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Me either. Seems obvious there is confusion over precision vs accuracy. It isn't exactly clear how many are confused though. Worse yet, the given +-2dB spec seems too high for its precision and too low for its accuracy. It certainly isn't the maximum deviation or error (accuracy) expected over the 20-20k bandwidth. Could represent a weighted and/or averaged value. Might also be a reference to an ROC calculation of accuracy but I highly doubt that.

In any case it is perfectly fine and certainly precise enough for level matching using pink noise. I wouldn't use it for much more than that though.

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Old 03-02-2012, 06:26 AM
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Quote:
Originally Posted by serialmike View Post

Really? Really?

+/-2 db means when you measure it will be +/-2 db. Period. Now granted there is some lower db sensativity issues which may or may not be solved with a external mic. But simply put it will read the same thing on every read.

re-read this thread (dragonfyr's commentary):

http://www.avsforum.com/avs-vb/showthread.php?t=1391287
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Old 03-03-2012, 06:59 PM
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Anyway back on topic. Dolby labs own guide recommends that the radiosshack meter is good for the job because the relative levels of each speaker to the next is more important than actual levels.

Dolby also recommends the following.
Front and Center speakers set to 70-75db
Surround speakers set -2bd from front and center channels.
Sub is to be set 10db higher than center and front channel.

The recommended procedure is to point your meter at the center channel at arms length and then angle the meter at 45 degrees and take the reading and set the level. Then while still point at the center channel do the same for front speakers. Finally turn 90 degrees and do each of the surround speakers.

This again is as per Dolby labs.
http://www.dolby.com/uploadedFiles/z...2.5.1guide.pdf

section 3.4
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Old 03-04-2012, 08:27 AM
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Quote:
Originally Posted by serialmike View Post

Anyway back on topic. Dolby labs own guide recommends that the radiosshack meter is good for the job because the relative levels of each speaker to the next is more important than actual levels.

Dolby also recommends the following.
Front and Center speakers set to 70-75db
Surround speakers set -2bd from front and center channels.
Sub is to be set 10db higher than center and front channel.

The recommended procedure is to point your meter at the center channel at arms length and then angle the meter at 45 degrees and take the reading and set the level. Then while still point at the center channel do the same for front speakers. Finally turn 90 degrees and do each of the surround speakers.

This again is as per Dolby labs.
http://www.dolby.com/uploadedFiles/z...2.5.1guide.pdf

section 3.4


FWIW, the DOlby doc is for production, not reproduction. SO the lower surround levels are mentioned of film use because film mixing is doen with multiple surrounds. The LFE channels is calibrated 10 dB higher in production, then is encoded -10 dB form the levels set, and on playback with home equipment is (usually) automatically increased by 10 dB. If we calibrate our home systems with the sub 10 dB higher the LFE channel will be 10 dB too loud when we play back movies.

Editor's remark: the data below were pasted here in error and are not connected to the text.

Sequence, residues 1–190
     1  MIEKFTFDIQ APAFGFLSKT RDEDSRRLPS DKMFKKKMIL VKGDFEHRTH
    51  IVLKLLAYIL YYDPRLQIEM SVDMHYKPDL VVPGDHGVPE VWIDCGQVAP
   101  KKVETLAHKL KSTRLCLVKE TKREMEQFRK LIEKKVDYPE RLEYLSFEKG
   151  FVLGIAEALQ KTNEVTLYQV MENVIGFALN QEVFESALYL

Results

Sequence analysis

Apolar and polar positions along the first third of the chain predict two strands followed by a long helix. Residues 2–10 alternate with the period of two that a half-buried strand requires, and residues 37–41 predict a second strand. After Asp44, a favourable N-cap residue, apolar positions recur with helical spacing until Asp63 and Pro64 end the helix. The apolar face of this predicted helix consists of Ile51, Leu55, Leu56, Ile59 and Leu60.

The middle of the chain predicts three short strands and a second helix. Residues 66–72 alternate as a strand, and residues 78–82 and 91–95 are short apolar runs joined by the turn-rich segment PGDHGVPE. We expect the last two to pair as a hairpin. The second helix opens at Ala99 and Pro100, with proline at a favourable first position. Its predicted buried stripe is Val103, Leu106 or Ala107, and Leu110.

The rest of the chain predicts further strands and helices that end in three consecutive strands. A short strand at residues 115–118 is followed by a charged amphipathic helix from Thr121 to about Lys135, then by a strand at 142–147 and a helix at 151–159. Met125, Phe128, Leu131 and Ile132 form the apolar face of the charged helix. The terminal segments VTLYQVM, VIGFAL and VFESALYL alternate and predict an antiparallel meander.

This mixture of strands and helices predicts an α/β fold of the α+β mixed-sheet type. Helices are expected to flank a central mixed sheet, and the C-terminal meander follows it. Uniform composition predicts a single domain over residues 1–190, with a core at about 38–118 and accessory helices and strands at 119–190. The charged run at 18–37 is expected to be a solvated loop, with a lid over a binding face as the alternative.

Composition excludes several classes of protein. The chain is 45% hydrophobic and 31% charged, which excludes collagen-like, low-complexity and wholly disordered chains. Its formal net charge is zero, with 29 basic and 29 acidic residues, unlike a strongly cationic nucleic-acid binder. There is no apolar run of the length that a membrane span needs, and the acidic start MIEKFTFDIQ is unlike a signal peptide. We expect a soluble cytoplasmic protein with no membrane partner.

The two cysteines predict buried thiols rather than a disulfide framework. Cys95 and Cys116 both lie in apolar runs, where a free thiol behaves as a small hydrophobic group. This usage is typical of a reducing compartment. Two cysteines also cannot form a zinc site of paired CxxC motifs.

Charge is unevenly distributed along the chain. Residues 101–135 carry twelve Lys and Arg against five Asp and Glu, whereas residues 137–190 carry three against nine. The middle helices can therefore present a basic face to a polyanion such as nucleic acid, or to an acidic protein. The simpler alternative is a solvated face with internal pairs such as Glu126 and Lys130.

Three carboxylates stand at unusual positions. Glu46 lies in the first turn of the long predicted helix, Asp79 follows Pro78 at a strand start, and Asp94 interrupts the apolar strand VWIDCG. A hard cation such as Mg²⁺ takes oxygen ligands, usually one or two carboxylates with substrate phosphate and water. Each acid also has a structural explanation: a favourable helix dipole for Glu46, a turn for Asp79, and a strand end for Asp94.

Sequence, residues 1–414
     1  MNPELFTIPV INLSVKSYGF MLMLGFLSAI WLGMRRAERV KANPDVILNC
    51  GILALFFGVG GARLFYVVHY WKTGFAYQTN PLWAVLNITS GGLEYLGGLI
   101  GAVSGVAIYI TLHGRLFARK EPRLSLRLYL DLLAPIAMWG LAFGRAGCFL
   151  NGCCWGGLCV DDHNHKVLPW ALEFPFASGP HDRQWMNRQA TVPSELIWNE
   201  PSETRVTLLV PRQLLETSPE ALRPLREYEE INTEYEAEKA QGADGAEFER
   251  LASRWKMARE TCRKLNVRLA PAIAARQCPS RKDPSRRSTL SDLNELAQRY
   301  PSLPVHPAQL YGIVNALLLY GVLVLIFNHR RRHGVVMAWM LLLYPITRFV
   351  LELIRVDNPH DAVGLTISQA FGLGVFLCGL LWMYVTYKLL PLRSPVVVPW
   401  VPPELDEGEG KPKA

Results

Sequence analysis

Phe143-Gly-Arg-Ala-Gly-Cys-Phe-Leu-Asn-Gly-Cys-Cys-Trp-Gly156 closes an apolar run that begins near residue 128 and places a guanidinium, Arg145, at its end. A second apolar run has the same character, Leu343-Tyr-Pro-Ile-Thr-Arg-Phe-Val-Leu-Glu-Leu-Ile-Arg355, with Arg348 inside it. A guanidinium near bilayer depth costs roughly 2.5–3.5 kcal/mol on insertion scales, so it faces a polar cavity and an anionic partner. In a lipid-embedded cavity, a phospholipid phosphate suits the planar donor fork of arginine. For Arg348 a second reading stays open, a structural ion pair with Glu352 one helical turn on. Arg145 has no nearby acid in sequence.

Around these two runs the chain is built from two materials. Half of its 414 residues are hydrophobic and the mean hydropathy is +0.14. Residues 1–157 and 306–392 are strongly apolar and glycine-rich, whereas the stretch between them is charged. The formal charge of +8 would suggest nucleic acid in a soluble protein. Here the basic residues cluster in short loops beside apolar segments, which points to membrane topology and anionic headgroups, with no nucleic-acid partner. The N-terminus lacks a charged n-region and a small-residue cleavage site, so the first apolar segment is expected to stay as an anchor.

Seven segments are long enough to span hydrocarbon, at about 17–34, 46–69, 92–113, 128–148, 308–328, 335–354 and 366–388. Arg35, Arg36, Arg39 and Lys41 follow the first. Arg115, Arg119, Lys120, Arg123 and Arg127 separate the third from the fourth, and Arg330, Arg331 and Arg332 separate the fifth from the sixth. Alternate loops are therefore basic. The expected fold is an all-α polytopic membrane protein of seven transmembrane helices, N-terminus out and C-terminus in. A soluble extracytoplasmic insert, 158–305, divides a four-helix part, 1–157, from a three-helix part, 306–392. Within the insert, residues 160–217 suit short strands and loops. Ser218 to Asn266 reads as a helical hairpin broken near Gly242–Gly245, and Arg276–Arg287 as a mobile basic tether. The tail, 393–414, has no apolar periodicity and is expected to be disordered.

Also FWIW, I saw the usual film mixing calibrations 85 dB with a -20dB bandwidth limited pink noise signal.

Dolby's doc recommends lower ref levels for TV mixing, but not as low as suggested above: "For television work, pink noise at reference level is typically set to produce an SPL ranging from 79 dBC to 82 dBC for each of the main five channels. The lower reference level for television is due to the lower average listening levels used by the consumer (typically 70-75 dBC)."

So the 70 to 75 is the anticipated listening level, not reference calibration . . . For example I caibrate my system to reference, then set my volume control so dialog runs in the 65 to 70 B range typically.
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Old 03-04-2012, 11:02 AM
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Quote:
Originally Posted by serialmike View Post

Dolby labs own guide recommends that the radiosshack meter is good for the job because the relative levels of each speaker to the next is more important than actual levels.

Right. That's what folks in this thread have been saying. And I suspect the same is true of the EzSet/EQ mic and software that is included in the OP's HK AVR. It is plenty accurate (oops) precise for speaker level matching.


Quote:
Originally Posted by serialmike View Post

Sub is to be set 10db higher than center and front channel.

As JHAz pointed out, this is wrong for your playback system's calibration level.

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Old 03-04-2012, 11:57 AM
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Quote:
Originally Posted by sivadselim View Post

...

As JHAz pointed out, this is wrong for your playback system's calibration level.

Exactly. The studio records their LFE 10 dB spl louder than the main channels, you set your LFE 10 db higher and now you have 20 dB above center ch. and at ref levels, 125 dB spl in the LFE, not 115